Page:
The theme of this series of blog posts is intra-board relationships and why some trustees don’t get along with each other. While the causes of board disharmony outlined in my earlier posts are perhaps more common, politics – or at least our common misconception of the term – can also be a factor that causes disruption in a board’s work. Unfortunately, the word politics often has a negative connotation and many school trustees do not like to think of themselves as politicians. But the truth is that is exactly what they are and that’s not a bad thing.
The word politics comes from the Greek “politikos”, meaning of, for, or relating to citizens. Put another way, it is the exercise of governance on behalf of the people. And that is precisely what school trustees do. They exercise governance over a specific and critically important public good – education. They are selected by the citizens of their communities to represent the community’s collective interests related to the education of its future citizens. In this framework, being a politician is the sine qua non of being a school trustee. It defines the trustee as a democratically elected representative of the people, with responsibilities to determine the education aspirations of the community and to be guided accordingly.
When school trustees say they are not political they usually mean that they are not representing any particular political party in their role as school trustee. During elections, most do not run on slates representing official political parties. Once elected, most act and vote independently rather than along party lines. We are quite used to party affiliation at the provincial and federal levels of government because they are designed to operate on a parliamentary model consisting of more than one political party, each vying to gain the majority of elected members through which to exert its platform on how the province or country should be run. One party is in power and the other has a role to act as a check and balance to that power by opposing the policies proposed by the party holding the majority. School board governance, on the other hand, was not intended to operate under the parliamentary model. School boards work within the “corporate governance” model where the board “as a whole” is considered to be an individual entity. The board only speaks as a board, and members of the board only speak on behalf of the board with no individual voice or power in the outside world. There is a fiduciary duty to the good of the whole over those of specific interest groups or political parties. In the corporate model, boards need to bring together the perspectives of all groups to make decisions in the best interests of the whole community. Unfortunately, some trustees – especially when first elected – are not familiar with the corporate model of governance. Their interests may be more aligned with those of some specific group and they may spend much of their time pursuing those interests rather than working collaboratively to gain consensus for the good of the whole. This can lead to “for us or against us” sides, creating tension and disharmony.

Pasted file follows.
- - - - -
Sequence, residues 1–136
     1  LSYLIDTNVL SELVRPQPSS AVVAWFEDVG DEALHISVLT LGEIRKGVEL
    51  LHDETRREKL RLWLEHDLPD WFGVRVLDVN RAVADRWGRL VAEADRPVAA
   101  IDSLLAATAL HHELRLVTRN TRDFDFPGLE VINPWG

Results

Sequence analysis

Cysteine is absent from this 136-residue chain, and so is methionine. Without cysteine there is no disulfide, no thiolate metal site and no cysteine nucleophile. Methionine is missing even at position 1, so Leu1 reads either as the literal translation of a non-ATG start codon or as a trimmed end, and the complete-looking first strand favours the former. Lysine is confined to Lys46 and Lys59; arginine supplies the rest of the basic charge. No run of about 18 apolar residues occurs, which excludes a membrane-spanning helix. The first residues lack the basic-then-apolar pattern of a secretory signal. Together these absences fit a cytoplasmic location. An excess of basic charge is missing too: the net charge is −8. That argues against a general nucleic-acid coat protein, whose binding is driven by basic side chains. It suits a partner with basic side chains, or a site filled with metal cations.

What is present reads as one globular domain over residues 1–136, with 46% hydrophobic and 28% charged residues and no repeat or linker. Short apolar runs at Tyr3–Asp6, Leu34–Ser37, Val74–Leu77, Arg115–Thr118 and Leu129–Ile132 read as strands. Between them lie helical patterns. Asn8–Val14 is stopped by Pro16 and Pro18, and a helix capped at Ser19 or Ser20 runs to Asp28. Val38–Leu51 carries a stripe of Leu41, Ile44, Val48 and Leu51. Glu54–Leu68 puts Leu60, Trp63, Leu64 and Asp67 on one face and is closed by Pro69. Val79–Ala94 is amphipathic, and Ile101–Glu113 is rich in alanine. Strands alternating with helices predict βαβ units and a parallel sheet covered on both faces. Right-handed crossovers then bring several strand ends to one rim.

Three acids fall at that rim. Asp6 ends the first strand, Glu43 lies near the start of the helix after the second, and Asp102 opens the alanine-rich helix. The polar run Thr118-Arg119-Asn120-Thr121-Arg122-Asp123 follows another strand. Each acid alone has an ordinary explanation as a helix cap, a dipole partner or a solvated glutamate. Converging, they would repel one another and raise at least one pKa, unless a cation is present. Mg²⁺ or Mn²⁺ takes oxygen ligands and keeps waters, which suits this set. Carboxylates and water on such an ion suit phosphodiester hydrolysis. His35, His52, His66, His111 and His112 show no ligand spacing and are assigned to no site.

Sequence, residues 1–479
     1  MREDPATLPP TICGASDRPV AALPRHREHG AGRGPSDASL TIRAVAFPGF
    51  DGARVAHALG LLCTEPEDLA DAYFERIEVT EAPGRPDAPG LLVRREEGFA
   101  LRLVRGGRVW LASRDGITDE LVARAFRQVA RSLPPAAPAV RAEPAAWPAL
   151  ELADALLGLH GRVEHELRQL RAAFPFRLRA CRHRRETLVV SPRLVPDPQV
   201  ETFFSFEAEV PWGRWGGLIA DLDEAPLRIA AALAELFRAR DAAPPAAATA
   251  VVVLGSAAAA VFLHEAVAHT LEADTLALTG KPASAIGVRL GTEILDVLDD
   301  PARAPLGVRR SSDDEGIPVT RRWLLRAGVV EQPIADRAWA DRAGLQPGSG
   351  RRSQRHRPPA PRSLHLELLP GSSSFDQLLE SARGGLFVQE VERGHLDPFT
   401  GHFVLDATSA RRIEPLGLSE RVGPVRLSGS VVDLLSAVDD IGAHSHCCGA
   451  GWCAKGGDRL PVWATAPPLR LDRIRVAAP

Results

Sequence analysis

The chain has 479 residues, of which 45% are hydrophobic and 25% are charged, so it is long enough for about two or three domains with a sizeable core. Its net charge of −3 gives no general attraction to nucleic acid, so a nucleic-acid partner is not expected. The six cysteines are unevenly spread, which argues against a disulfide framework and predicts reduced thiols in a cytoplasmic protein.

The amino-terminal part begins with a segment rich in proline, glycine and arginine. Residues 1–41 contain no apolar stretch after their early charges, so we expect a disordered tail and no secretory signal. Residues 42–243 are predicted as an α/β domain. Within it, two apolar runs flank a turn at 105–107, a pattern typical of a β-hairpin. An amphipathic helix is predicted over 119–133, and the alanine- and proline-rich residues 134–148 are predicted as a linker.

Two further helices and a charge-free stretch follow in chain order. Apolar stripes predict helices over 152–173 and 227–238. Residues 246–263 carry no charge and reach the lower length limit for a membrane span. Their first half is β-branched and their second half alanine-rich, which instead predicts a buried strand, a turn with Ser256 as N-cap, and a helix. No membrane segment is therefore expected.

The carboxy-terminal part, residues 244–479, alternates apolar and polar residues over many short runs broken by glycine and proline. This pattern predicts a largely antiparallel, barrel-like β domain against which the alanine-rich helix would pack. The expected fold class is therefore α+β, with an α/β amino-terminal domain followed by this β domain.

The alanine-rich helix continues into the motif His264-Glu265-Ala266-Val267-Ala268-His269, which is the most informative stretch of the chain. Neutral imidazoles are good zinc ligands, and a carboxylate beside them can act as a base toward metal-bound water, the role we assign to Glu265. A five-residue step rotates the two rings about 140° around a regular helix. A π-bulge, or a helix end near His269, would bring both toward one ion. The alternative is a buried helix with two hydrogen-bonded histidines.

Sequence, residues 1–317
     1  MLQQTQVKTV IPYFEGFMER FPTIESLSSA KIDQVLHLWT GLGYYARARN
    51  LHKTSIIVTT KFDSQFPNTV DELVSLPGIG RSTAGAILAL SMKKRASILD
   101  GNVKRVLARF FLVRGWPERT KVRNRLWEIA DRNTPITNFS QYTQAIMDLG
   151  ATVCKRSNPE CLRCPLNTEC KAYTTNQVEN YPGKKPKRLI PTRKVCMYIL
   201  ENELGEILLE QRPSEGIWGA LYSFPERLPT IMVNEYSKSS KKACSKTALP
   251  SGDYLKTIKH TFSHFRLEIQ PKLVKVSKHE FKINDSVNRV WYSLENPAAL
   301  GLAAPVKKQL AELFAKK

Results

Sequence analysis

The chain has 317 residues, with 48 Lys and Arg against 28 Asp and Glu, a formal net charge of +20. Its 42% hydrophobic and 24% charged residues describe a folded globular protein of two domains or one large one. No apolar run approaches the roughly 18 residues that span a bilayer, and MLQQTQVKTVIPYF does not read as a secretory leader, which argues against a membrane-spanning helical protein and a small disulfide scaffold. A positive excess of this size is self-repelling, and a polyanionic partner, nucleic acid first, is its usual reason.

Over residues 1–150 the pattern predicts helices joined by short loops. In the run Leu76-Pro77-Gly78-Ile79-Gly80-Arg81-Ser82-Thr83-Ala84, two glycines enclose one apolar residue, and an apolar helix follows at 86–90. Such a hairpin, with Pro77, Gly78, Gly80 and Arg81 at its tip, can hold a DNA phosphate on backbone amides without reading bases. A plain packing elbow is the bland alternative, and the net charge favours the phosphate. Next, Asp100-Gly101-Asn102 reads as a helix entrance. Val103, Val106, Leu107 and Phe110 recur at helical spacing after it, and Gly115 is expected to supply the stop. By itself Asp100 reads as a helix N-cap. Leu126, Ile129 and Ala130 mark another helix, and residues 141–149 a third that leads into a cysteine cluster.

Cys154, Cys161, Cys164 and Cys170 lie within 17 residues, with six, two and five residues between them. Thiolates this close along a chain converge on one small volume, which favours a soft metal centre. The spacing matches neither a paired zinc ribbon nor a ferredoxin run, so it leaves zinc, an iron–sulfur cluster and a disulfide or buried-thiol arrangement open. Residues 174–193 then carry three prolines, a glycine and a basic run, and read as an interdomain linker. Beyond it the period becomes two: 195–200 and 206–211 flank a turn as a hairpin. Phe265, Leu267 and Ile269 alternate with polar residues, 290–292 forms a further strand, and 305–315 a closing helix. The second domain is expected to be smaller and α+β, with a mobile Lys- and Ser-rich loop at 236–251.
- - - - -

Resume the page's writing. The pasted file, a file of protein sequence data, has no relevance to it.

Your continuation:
Another issue for some boards is that advocacy (seeking to influence the decisions of another group towards some preferred cause) gets confused with party politics. It is fair to say that most school trustees would see advocacy on behalf of students as one of their major roles. For Canadian school trustees, this generally means trying to influence the provincial government to provide more funding, greater autonomy, or some other action that will benefit students. As the provincial government controls almost all of the funding to public schools and sets the rules under which school districts must operate, advocacy is a necessary and legitimate role for school boards. Problems can arise, however, when trustees become blatantly partisan in their advocacy efforts. The goal shifts from trying to influence the current government (of whatever political stripe) to efforts to discredit and replace the current party in power. When this type of rhetoric finds its way into board business and debate it can set individual trustees against each other and work against the intended collaborative nature of the corporate board. To repeat, school boards have a legitimate role in advocating for the resources they need to support their students, but when advocacy turns into partisan sniping the best interests of students can be compromised.
Are school trustees politicians? Yes – they are publicly elected to represent the people of their community. Should school trustees be advocates? Absolutely yes – they have a responsibility to ensure adequate resources for their students from their provincial government. Should political party partisanship be part of a school board’s work? Not in this writer’s opinion.
Note: Special thanks to Dr. Lee Southern for assisting with this week’s post.